Google has confirmed it will give every employee working remotely a $1,000 allowance to spend the requisite equipment and office furniture.
It added that it expects most of its employees to work mostly from home for the remainder of 2020.
Google will however reopen buildings in more cities at approximately 10 percent of their capacity beginning July 6.
If all goes well, the return will begin on July 6th with the requisite employees appearing on a “rotating basis” with a capacity of about 10 per cent.
A worker can arrive in just once every two weeks, Pichai said. If things go smoothly, those rotations will rise to 30 per cent by September.
There will be “rigorous” security measures like social isolation and cleanliness, and it will be required to appear only to those who actually need to access the office. Agency visits in the year 2020 will be free for everyone else.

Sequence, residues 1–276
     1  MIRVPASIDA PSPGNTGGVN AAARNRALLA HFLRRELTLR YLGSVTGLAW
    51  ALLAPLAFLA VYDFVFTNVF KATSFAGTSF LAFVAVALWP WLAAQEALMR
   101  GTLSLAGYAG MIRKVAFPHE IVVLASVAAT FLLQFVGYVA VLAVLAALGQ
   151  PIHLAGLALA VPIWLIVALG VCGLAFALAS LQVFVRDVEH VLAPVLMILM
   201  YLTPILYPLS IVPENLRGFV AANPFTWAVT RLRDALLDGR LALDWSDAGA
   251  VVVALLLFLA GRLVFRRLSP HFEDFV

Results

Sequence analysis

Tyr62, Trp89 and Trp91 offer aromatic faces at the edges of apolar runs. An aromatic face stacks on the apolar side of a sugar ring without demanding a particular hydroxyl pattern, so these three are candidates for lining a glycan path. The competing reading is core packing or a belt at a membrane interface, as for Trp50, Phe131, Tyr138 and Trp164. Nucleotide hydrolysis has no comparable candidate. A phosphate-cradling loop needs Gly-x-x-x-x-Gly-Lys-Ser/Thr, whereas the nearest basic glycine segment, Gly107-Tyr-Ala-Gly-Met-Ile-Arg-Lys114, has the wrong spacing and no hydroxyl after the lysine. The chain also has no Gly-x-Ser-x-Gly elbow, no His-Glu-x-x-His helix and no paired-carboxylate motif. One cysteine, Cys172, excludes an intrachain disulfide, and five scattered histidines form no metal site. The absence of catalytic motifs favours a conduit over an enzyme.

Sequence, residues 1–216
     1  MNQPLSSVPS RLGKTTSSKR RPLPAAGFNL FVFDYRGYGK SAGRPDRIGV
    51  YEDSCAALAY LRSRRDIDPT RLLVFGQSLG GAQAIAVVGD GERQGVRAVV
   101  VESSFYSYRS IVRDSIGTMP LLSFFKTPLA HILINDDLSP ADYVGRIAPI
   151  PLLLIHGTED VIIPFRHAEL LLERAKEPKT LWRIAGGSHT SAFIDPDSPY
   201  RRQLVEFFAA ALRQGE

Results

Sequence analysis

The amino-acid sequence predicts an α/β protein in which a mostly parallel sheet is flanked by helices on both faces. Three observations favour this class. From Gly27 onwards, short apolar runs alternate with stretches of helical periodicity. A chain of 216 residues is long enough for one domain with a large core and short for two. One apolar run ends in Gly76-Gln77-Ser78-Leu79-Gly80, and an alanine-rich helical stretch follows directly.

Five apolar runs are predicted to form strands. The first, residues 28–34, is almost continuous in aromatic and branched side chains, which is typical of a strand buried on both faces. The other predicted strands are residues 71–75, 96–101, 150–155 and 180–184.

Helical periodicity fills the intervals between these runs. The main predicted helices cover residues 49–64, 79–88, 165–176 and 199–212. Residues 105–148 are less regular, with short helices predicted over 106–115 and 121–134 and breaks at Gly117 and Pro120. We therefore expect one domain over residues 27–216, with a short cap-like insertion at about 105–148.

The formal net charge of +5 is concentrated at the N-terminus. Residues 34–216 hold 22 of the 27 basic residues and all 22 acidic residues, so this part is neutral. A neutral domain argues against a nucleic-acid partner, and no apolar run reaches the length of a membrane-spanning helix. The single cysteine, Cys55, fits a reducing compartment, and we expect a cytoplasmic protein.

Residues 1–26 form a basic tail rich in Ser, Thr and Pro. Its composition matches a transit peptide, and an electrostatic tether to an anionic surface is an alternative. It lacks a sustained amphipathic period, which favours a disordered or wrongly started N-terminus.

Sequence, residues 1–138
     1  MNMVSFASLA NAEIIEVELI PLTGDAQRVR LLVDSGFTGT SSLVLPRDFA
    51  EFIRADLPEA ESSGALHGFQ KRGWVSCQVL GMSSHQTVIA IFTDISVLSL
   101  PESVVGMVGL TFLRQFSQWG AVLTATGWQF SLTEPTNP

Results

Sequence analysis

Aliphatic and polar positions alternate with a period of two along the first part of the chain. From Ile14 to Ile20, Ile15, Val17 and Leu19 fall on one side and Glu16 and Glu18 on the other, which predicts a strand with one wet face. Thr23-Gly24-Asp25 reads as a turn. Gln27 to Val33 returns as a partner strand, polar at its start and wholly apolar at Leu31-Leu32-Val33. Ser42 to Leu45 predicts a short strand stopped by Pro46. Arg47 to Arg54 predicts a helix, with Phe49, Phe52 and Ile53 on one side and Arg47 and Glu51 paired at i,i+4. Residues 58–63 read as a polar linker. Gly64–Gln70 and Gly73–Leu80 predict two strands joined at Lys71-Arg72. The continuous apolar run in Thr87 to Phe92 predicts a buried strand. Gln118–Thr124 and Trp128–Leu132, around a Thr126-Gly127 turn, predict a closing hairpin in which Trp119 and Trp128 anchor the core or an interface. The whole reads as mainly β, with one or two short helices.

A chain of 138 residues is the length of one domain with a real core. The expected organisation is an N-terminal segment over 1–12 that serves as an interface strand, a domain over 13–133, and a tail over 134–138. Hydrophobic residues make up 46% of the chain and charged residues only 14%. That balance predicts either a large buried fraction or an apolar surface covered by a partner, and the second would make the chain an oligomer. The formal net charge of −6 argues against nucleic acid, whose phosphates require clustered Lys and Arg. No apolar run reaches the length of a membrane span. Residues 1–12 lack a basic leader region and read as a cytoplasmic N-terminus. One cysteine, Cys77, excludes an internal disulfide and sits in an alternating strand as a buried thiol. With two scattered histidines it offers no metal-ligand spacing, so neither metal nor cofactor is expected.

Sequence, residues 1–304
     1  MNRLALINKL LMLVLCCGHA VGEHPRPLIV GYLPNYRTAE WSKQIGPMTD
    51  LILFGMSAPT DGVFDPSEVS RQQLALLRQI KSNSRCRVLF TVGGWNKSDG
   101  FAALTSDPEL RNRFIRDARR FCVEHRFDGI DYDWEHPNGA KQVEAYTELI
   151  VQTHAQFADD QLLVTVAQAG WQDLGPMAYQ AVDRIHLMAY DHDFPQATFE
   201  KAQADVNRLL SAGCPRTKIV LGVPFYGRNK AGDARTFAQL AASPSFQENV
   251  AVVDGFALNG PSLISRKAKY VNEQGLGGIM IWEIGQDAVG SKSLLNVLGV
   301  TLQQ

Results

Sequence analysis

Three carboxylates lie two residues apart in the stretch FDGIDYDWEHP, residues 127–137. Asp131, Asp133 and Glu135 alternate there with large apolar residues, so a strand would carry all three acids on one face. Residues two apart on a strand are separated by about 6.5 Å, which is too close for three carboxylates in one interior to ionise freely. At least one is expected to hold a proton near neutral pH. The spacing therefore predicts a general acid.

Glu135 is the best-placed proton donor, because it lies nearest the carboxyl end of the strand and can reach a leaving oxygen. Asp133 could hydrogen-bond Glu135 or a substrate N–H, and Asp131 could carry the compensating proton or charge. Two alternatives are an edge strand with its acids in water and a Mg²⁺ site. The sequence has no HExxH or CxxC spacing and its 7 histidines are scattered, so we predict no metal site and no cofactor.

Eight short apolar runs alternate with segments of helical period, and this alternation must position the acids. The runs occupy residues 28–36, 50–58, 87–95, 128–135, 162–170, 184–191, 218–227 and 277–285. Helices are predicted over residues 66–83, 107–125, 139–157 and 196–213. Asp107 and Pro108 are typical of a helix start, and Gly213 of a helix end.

Part of the strategy is shared with companies such as Facebook. It’s clear, however, that Google won’t accept remote work as enthusiastically as Twitter, making most workers work from home indefinitely.
Some of the achievements of the internet giant came from “chance encounters in the office,” explained Pichai, and the staff does not want to risk the human link.
Google is researching the impact of the sudden move from home to work and is looking for “more overall flexibility” that could involve more remote work, but it is not yet ready to give up physical offices.